Three and a half years after hundreds of thousands of people disappear from the world, a remarkable incident occurs. A well beloved man, killed by a sword thrust through his brain, remarkably comes back to life three days after his death! This event draws nearly all of the populous into a start of astonishment and rapturous. He then demands their worship, making the logical argument that anyone who has faced death and triumphed should be an object of worship. However, this haughty man has been attempting to trick people into worshiping him for many years. Before his death, he was Nicolae Carpathia, the antichrist, but now he has been resurrected and indwelt with Satan himself. Not every person is gullible enough to bow down to such an evil. They know better. Among their number lie the protagonists of this series, Rayford Steele, Cameron “Buck” Williams, and the other members of the Tribulation Force. Because of their refusal to worship “Nicolae,” they are fugitives, and must work covertly, relying of their inside man to allow them access to places they could normally never go. Tim Lahaye and Jerry Jenkins’ The Mark enthralled me with the use of biblical prophecy to create a captivating tale detailing the final battles of good and evil.
In this book, most of the Tribulation Force, now at the group’s highest number, must hide out in their safe house located in the all but decimated city of Chicago, while the other members, acting as inside men, must find a way to escape New Babylon before the application of the mark of the beast begins. Should they fail and be forced to receive the loyalty mark of Satan, their souls could be condemned to Hell. The application of the mark will begin with criminals in prisons, but ever since Carpathia’s resurrection, prisons have been filling up with more “heretics” refusing to worship Carpathia. In other words, good Christians and Jews will be the first to have to take the mark… or the alternative, death by guillotine. Their main techie, and luckily a higher-up on the inside, David Hassid, manipulates the database in order to give certain Tribulation Force members fake identities within Carpathia’s headquarters, and send them on the most important mission and risky mission yet; Save as many believers as possible from the guillotines without looking suspicious in any way. In the end, the insiders concoct a risky plan to escape New Babylon and simultaneously make everyone save the stateside Tribulation Force believe them dead. However, such a strategy requires nearly as much luck as skill, and possibly cannot be pulled off. Will they be able to save themselves from eternal condemnation? Perhaps, perhaps not.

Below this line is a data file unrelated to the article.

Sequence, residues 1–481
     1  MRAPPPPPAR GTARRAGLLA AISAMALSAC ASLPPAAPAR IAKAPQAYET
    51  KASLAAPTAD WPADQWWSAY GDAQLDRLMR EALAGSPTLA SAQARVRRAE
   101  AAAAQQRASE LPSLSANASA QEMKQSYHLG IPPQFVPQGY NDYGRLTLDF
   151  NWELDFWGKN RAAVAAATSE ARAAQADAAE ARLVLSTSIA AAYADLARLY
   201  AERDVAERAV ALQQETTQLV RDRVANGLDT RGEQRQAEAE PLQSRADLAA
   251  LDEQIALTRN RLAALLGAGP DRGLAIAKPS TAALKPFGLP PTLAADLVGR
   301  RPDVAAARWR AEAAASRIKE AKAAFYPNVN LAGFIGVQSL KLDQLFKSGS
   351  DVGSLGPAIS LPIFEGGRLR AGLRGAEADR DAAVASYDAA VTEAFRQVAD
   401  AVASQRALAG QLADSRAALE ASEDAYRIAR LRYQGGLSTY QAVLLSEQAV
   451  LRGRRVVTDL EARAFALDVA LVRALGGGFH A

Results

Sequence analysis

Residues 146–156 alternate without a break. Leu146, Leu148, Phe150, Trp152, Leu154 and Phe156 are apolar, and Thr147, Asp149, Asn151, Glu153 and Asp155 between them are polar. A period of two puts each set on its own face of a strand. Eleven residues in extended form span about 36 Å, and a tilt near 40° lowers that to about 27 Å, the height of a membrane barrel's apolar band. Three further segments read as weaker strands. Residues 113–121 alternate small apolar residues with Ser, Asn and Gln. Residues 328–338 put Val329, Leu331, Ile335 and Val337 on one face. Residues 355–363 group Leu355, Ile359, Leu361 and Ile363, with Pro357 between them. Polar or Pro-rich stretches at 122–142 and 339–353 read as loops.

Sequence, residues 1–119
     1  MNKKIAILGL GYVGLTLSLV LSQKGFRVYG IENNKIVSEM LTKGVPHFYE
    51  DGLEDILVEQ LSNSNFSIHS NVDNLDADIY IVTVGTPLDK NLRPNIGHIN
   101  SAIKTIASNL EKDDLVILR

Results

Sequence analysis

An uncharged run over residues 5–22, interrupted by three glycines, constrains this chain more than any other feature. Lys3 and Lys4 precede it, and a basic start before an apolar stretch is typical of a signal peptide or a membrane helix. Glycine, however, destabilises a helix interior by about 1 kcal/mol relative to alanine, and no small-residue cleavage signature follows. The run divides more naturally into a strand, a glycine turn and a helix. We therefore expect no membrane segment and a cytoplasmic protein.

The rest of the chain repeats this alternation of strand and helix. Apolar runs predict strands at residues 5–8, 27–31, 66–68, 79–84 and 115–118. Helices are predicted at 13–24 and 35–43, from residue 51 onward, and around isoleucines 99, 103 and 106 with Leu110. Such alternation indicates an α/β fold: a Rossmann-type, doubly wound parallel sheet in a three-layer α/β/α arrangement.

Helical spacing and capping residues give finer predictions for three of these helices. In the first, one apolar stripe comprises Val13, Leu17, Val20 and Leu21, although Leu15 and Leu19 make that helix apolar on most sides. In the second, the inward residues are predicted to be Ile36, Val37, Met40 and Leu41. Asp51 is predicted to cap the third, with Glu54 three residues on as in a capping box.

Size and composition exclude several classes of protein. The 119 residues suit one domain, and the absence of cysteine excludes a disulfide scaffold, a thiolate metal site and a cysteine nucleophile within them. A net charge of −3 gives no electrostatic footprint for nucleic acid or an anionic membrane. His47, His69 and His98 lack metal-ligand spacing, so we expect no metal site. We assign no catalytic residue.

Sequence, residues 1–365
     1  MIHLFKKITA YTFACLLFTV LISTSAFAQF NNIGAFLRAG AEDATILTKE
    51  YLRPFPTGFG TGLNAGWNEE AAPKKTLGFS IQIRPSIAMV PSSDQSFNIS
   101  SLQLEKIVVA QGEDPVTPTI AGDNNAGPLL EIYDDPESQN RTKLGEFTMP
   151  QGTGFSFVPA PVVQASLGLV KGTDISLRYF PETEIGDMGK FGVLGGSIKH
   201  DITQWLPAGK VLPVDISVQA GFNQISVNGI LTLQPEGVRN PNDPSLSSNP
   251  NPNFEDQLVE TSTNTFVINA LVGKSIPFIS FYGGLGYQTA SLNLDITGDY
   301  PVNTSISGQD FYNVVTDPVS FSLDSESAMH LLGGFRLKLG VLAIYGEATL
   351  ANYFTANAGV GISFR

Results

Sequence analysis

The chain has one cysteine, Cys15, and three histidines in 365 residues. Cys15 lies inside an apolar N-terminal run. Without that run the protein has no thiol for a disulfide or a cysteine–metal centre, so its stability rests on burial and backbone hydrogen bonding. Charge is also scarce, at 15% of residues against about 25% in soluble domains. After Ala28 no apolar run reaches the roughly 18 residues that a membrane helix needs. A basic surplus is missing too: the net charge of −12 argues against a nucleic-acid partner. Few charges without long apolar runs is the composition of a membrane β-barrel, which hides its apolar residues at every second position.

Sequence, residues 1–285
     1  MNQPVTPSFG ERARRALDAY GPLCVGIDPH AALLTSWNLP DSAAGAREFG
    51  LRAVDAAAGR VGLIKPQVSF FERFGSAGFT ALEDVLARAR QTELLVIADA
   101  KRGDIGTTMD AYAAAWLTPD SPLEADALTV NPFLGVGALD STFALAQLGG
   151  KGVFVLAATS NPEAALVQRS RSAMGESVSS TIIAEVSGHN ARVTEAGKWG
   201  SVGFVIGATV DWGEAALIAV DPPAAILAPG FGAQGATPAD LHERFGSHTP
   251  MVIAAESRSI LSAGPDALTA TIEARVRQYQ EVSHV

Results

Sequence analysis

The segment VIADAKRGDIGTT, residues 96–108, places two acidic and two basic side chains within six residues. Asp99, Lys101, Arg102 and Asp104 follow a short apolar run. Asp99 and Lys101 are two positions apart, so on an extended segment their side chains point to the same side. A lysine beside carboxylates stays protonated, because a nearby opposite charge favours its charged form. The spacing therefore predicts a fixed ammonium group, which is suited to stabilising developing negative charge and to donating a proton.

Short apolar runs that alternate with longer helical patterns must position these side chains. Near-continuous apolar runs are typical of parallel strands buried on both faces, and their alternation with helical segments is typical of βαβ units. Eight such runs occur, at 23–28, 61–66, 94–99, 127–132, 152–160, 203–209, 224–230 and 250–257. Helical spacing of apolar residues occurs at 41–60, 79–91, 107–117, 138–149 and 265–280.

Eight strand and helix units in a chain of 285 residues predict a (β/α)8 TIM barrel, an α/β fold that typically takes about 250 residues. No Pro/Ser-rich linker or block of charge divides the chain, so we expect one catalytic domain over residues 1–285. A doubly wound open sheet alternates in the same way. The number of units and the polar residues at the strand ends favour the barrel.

The characters in this series often seem real because of their own character strengths and flaws. They also seem dynamic at times, changing certain mannerisms or behaviors. For instance, in the sixth book in the series, Rayford, probably the main protagonist, becomes overcome with hate for the antichrist, Nicolae Carpathia. He journeys to Jerusalem armed to the teeth, determined to finish off the greatest evil the world had ever seen at that point. However, he fails and later realizes the foolishness of his actions and is deeply regretful of how easily he succumbed to hate.
Bitter-sweetly, this book holds the place of eighth in a series of thirteen, meaning that I cannot clarify much of what happened in the previous seven, but I can look forward to the remaining five at the same time. To be blunt, I cannot recommend this book to people whom do not have much connection to Christianity, not even an interest. However, I do recommend this novel to people interest in biblical prophecy, because the manuscript’s basis is the prophecies themselves. All in all, this series shows promise, and so far has been quite enjoyable.